Joe W. Dillard Jr., a 32-year-old former NAACP leader in Norfolk, agreed with the characterization of a generation split: “The younger generation wanted the immediate satisfaction of his departure. But they knew he wasn’t going, so either request some things to get them or we’ll stand on the sidelines crying over spilled milk.
Ms. Price, who represents heavily black areas like Hampton and Newport News, said when she returned to her district she realized that black voters were more divided in the scandal than national outcry would suggest. Some wanted Mr. Northam to leave, she said, but many were also so familiar with racism in the old Confederate south that they did not find his possible actions disqualifying.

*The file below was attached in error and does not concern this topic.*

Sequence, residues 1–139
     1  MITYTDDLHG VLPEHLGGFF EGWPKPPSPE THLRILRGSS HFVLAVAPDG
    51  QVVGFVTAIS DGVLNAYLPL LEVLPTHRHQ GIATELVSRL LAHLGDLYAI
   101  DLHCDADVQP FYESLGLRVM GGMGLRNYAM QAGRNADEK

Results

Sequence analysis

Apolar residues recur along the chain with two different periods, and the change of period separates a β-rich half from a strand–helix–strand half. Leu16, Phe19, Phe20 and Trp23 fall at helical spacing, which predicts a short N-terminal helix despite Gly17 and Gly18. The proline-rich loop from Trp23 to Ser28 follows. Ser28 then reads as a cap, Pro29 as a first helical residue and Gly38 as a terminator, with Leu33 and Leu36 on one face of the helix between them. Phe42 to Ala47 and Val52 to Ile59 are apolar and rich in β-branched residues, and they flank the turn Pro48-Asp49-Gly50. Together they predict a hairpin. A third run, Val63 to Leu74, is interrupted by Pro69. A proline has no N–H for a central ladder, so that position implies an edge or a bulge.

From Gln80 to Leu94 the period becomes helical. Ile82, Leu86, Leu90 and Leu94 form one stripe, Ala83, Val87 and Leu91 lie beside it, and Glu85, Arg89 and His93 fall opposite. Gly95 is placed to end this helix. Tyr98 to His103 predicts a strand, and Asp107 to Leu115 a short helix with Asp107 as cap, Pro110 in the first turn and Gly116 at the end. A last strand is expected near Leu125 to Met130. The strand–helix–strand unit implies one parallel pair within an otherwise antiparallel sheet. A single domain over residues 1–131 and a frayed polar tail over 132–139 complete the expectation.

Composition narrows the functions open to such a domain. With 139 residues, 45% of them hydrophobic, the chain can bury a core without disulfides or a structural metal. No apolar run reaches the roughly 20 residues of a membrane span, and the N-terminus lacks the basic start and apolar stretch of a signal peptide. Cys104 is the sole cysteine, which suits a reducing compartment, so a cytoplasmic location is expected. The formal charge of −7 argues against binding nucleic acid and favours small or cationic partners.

She also sensed opportunities.
“For people who have privileges, learning usually begins when those privileges are compromised or proclaimed,” she said.
“There were people who called me just a weekend in Virginia Beach and told me what to do for my constituents,” Ms. Price said. “But my lived experience shows me that I have to proceed strategically.”
A debt due
If today’s Ralph Northam sounds like someone who’s just completed a reading list of popular anti-racist literature, it’s because they did. He cites the book “White Fragility” by Robin DiAngelo and “Unpacking the Invisible Knapsack”, the 1989 essay on white privilege. He says he was profoundly changed by the documentary “13th,” which focuses on racial bias in the criminal justice system.
“I don’t want to apologize, but when I was in college I wanted to go to medical school,” said Mr. Northam, who was a doctor before going into politics. “And I’ve been immersed in biology and chemistry since that time.” He continued, “Maybe I should have spent more time investigating our history, but I didn’t. But now I’m very interested in history. “